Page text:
Took Shark, Squirrel and Tiger to the light-hearted romantic comedy that is Titus Andronicus.
Titus Andronicus is Shakespeare's revenge-fuelled blood-and-gore fest. Entrails, severed limbs, bloodied heads, and piles of corpses. With rape. And the eating of one's offspring in a delicious pie.
I did pause before taking my 13-year old gritties jnrs to see this one, true, because I am a parent who feels a responsibility towards the delicacies of my children.
I don't want to give them any more ideas about murder, mayhem or pyrotechnics than they already have. But I also set myself this ridiculous challenge. To see every Shakespeare play before they finish statutory education to age 16*.
But Shakespeare helped, with the winning direction of Michael Fentiman, who finds the jokes, the absurdities, and the moments of now-I-am-laughing (even though I shouldn't).
I loved the intimacy of the Andronicus family seated round the breakfast table, half clad in jimmie jams and bringing to the dissection of the fly all the horrible foreboding of what is to come. I loved the pitch-perfect Andronicus in all his movements, tapping the silver bowl to bleed the boys, later dressed like a waitress so we can be disgusted but against ourselves laughing at the vengeful dish he's serving. I loved all of Aaron, who was so delightfully, wickedly, stage villain, yet touchingly a father.
In the final moment, we watched Andronicus Junior, silently upon the stage, menacingly hold both babe and pie slicer. He looked from one to the other, and so did we. Lifted from our genre of horror films where endings of unfinished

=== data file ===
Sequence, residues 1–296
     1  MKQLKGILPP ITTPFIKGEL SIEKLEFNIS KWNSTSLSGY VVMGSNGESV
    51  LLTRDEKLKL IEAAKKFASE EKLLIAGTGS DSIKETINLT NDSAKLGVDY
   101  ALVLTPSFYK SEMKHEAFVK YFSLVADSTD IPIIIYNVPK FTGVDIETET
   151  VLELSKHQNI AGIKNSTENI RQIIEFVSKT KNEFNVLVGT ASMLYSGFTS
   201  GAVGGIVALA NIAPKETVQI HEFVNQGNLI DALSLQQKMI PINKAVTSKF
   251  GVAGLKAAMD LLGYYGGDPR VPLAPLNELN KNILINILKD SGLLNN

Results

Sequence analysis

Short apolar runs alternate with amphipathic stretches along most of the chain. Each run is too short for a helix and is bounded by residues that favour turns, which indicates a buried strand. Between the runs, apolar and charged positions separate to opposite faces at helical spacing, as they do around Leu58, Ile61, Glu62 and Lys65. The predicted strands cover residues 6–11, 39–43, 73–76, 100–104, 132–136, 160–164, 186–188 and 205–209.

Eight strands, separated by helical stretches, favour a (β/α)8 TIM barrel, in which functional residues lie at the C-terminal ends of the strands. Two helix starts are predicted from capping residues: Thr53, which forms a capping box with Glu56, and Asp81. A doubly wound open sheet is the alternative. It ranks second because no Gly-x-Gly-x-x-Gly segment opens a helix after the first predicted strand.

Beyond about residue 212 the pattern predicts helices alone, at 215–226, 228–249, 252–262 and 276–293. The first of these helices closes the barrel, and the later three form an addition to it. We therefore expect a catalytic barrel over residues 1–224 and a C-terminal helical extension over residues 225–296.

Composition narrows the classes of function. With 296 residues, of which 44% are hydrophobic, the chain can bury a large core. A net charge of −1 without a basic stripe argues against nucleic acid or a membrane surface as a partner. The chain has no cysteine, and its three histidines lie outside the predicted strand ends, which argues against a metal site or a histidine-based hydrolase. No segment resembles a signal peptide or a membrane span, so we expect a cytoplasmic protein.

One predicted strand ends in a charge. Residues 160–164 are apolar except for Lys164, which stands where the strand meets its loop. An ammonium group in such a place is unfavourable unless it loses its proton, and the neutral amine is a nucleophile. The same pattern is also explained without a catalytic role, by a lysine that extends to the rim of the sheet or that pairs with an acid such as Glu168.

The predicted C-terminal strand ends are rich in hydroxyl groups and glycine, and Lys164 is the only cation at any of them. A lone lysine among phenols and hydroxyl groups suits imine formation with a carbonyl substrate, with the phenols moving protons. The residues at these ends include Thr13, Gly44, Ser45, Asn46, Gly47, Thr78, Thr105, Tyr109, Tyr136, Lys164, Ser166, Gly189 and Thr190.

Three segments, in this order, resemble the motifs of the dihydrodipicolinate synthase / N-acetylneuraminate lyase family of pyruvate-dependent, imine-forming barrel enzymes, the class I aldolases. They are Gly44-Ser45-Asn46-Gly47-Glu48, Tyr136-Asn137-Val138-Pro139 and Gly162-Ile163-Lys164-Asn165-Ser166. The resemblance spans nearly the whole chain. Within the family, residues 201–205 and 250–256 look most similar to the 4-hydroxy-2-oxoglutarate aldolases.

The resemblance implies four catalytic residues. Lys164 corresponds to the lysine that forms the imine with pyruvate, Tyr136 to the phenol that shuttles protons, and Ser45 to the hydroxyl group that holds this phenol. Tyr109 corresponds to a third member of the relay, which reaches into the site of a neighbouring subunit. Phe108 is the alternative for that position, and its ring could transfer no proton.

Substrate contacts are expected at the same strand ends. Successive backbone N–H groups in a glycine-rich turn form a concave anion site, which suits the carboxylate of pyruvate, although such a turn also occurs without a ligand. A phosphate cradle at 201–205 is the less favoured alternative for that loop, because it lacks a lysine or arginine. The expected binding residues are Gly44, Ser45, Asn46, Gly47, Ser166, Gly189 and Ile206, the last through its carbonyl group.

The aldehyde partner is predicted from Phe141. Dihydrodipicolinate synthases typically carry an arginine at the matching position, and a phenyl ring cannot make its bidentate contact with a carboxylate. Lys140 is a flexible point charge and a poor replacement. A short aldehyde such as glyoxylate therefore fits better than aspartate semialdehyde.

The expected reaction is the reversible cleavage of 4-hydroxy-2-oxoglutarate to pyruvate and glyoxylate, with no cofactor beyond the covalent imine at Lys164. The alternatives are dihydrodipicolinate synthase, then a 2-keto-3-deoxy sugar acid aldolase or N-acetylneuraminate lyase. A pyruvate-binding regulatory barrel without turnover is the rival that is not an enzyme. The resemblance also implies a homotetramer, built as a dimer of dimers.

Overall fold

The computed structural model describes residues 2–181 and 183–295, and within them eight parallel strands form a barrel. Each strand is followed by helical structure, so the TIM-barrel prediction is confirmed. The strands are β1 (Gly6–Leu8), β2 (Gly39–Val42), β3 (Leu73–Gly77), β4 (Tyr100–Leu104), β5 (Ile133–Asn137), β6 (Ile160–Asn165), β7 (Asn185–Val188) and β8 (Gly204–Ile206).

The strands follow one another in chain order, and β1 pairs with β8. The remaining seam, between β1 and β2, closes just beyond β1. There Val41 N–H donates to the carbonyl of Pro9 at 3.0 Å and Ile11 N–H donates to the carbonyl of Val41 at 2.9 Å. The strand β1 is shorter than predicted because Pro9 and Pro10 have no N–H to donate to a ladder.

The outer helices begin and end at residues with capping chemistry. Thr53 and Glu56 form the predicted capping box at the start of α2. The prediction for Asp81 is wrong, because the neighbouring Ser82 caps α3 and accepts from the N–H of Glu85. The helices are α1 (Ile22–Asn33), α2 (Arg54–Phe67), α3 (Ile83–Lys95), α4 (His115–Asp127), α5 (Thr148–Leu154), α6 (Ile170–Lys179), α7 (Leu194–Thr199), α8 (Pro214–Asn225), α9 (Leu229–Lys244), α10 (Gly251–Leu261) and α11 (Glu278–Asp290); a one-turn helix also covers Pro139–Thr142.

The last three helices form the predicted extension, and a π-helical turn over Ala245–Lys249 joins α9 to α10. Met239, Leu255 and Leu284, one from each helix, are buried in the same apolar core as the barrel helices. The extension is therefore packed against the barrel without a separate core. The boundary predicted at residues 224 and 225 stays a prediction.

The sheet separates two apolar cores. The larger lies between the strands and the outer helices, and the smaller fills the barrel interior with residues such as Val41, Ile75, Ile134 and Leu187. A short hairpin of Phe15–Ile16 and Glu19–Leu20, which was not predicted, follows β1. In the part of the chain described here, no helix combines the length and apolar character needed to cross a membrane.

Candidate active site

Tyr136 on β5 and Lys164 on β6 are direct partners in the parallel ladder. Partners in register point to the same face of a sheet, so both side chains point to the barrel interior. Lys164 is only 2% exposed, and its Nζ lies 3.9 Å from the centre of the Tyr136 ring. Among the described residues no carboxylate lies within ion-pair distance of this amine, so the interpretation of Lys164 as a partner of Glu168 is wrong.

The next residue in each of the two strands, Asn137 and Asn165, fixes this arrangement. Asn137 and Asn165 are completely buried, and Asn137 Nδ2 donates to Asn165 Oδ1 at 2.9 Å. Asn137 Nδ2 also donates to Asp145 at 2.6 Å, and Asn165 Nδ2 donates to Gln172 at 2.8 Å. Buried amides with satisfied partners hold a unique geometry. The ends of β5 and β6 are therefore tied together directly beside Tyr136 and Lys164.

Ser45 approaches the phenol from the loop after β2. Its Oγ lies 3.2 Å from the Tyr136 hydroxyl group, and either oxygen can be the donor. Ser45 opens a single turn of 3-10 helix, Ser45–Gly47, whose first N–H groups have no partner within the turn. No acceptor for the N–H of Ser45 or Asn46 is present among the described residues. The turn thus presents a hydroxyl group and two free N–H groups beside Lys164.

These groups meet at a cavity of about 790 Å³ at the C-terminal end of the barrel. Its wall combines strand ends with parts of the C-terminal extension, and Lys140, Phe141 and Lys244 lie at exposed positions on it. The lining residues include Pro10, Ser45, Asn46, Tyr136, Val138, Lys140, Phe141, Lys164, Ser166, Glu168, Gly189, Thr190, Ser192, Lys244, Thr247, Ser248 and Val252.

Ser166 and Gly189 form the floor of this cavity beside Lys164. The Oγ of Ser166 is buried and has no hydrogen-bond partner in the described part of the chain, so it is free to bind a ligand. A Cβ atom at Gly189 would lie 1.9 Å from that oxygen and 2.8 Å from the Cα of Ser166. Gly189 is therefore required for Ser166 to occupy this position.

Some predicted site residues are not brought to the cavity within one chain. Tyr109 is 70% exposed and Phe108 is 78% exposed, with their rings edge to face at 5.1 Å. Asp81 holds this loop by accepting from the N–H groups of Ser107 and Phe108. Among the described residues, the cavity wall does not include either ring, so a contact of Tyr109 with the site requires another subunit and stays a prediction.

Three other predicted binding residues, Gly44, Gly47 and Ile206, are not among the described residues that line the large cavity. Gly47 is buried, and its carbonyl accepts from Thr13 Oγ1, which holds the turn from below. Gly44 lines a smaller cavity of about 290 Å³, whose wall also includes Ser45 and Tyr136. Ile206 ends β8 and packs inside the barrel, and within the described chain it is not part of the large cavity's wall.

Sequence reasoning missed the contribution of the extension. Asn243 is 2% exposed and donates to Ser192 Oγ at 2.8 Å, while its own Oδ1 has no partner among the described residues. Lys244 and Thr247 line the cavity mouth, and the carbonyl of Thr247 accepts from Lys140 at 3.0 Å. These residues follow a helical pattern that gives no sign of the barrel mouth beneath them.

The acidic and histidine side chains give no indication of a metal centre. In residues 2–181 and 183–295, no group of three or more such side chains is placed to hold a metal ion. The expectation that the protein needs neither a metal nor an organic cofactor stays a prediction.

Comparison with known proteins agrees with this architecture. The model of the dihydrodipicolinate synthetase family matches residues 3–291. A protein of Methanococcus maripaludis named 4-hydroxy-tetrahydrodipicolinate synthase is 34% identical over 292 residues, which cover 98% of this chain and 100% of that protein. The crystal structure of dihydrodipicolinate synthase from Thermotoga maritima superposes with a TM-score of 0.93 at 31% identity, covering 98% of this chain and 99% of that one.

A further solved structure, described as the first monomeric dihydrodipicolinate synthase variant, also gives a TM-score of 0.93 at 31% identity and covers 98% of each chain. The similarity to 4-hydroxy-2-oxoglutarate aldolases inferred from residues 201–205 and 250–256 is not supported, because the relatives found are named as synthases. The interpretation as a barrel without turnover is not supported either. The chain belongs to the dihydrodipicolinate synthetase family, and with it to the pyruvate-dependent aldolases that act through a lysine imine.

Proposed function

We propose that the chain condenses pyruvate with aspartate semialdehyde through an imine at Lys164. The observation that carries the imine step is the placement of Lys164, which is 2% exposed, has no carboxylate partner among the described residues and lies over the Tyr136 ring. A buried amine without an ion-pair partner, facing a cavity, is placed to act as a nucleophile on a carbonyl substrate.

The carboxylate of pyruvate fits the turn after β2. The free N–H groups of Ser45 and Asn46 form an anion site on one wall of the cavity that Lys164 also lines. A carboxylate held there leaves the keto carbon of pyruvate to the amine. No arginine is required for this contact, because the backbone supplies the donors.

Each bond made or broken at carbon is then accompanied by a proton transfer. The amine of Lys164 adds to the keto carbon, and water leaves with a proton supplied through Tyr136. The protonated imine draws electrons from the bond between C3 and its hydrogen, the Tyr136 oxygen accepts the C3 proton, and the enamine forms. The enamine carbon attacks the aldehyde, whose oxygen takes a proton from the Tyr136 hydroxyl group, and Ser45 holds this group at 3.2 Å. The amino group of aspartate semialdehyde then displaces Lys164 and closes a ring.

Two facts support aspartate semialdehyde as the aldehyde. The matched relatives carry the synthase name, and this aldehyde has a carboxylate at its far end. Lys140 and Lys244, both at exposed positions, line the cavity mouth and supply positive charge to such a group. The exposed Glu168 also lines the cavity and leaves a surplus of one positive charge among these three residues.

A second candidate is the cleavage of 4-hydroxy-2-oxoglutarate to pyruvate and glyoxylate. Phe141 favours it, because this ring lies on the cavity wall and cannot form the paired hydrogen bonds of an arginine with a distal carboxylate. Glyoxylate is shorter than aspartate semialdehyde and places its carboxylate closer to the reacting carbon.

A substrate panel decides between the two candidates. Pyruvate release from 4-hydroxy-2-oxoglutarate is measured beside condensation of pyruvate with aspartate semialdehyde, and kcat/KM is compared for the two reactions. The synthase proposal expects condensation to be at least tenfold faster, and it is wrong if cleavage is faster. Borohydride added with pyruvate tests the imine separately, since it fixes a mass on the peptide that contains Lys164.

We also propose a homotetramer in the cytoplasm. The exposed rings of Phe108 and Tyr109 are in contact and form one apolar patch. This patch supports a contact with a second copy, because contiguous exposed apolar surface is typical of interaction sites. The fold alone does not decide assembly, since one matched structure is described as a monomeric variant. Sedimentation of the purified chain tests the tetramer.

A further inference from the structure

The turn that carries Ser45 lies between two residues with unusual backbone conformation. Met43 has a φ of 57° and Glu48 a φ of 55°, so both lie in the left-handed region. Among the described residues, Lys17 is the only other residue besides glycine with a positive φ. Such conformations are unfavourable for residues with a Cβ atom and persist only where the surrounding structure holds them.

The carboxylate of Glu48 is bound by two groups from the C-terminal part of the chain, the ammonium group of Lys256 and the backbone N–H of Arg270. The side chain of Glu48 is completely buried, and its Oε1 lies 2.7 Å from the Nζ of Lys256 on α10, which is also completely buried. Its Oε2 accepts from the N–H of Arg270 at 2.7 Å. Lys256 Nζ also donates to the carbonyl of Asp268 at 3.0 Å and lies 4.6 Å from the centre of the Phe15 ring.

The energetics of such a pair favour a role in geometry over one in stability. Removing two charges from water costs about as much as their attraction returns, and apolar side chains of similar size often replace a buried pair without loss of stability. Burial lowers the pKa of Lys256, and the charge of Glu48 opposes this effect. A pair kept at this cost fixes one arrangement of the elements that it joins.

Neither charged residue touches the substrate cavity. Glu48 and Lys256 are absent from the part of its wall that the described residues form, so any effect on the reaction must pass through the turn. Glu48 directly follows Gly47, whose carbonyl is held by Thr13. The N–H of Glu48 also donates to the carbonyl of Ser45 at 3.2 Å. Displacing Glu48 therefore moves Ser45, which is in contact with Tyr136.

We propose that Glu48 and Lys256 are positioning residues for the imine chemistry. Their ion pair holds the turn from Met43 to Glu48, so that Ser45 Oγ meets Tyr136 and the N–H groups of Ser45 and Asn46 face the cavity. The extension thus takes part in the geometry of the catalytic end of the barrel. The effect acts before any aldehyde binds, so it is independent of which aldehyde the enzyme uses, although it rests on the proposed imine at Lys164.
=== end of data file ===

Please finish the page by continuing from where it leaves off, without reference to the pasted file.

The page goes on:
business are always left hanging to begin the crowd-pulling sequel, I inevitably thought ahead to the start point of Titus Andronicus II when the junior is a full-grown general determined to complete the blood-grudge begun by some new casual cause.
Afterwards, out in the bright sunlight, I cautiously asked questions of Shark, Squirrel and Tiger, to check whether I had sent them mad, unhinged their heads, or dented their tender souls. I do not think so. Helping was the fact that all the actors stood up for afterwards while we applauded, and we toured the costume exhibition to discover how many laundry loads the running wardrobe team must do after the final dinner scene. (For cleaning of blood and pie: all dinner jackets plus 12 loads of industrial size washing; 6 baskets for hand-washing; 4 baskets of shoes.)
For now, I am glad we went, and I can only recommend it to other hardy teens and their parents. But if my delicate children at some point turn bonkers, we will all know the reason why.
*I have sadly missed the moments to grab tickets for either Tennant as Richard II or Hiddleston as Coriolanus, so if anyone has four tickets they would charitably like to donate to the gritty cause, please feel free.